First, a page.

1. A city “on the eastern border of Jericho.” (Josh. 4:19) Unless referring to another Gilgal farther W, the city was also known as “Geliloth, which is in front of the ascent of Adummim.” (Josh. 18:17; compare Joshua 15:7.) Near Gilgal’s “quarries,” Moabite King Eglon, the oppressor of Israel in the time of Ehud, evidently had his residence.—Judg. 3:12-26.
In the past most geographers favored Khirbet en-Nitleh as the possible location of Gilgal. However, particularly since 1931, Khirbet Mefjir has been suggested. Its position, approximately a mile and a quarter (2 kilometers) NE of ancient Jericho (Tell es-Sultan), corresponds more closely to early literary references (such as those of Josephus and Eusebius) about the distance from Jericho to Gilgal. Then, too, archaeological excavation at Khirbet en-Nitleh has provided no evidence of pre-Common Era habitation. On the other hand, superficial explorations in the vicinity of Khirbet Mefjir have yielded earthenware fragments, indicating the presence of some kind of settlement centuries before the Common Era. Although this site does not lie due E of ancient Jericho, the Biblical designation “eastern border of Jericho” may include the NE.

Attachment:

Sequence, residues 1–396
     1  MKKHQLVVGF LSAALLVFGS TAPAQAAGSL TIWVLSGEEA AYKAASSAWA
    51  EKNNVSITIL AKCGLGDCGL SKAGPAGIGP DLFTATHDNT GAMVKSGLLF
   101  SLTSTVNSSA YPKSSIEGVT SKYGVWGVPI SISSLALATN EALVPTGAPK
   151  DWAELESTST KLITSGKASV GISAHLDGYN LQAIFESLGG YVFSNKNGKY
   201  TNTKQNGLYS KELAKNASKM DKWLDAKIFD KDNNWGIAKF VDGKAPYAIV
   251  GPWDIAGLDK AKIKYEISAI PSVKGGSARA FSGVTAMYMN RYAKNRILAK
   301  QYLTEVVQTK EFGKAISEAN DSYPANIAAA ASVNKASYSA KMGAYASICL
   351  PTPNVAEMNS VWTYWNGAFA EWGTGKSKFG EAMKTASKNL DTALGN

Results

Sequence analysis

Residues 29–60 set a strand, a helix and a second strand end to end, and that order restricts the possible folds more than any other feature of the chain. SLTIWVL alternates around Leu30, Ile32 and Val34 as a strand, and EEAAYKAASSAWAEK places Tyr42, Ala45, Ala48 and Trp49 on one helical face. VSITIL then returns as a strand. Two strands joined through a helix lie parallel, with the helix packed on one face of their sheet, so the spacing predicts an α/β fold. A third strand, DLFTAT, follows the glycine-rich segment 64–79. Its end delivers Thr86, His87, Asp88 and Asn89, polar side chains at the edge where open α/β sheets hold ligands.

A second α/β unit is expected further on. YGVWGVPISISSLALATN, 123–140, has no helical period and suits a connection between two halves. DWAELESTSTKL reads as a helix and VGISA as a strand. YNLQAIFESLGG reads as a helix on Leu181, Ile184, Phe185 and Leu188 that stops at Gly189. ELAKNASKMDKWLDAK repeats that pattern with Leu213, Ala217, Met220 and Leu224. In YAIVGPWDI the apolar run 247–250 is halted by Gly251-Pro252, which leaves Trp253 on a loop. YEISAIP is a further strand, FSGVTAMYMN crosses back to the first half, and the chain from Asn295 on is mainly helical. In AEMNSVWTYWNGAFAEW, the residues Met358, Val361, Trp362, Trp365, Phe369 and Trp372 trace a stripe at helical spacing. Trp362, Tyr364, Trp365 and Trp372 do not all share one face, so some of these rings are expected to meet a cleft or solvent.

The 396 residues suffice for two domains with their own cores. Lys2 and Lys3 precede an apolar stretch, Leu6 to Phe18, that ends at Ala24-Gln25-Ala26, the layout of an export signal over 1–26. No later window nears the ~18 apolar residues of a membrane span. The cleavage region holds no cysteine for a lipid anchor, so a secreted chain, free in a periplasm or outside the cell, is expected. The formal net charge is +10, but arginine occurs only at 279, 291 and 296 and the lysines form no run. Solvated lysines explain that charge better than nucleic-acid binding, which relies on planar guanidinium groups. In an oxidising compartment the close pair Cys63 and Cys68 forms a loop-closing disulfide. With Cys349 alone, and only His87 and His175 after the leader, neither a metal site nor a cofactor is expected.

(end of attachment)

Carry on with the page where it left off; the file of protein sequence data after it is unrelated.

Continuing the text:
Gilgal was the site of Israel’s first encampment after crossing the Jordan in Nissan of 1473 B.C.E. Here, in commemoration of Jehovah’s drying up the waters of the Jordan to permit Israel to cross, Joshua set up the twelve stones taken from the middle of the riverbed. (Josh. 4:8, 19-24) At Gilgal all the Israelite males born in the wilderness were circumcised, Jehovah afterward saying that he “rolled away the reproach of Egypt from off you.” The site was then given the name “Gilgal,” meaning “a rolling away,” to serve as a reminder of this. (Josh. 5:8, 9) Later, disguised Gibeonites from the hill country to the W came down to the Jordan valley and approached Joshua at Gilgal, entering into a covenant with Israel. (Josh. 9:3-15) When the Gibeonites afterward came under attack, Joshua’s army made an all-night march from Gilgal up to their city to rout the league of five Amorite kings. (Josh. 10:1-15) The distribution of the land of Canaan proceeded initially from Gilgal (Josh. 14:6–17:18), being completed from Shiloh.—Josh. 18:1–21:42.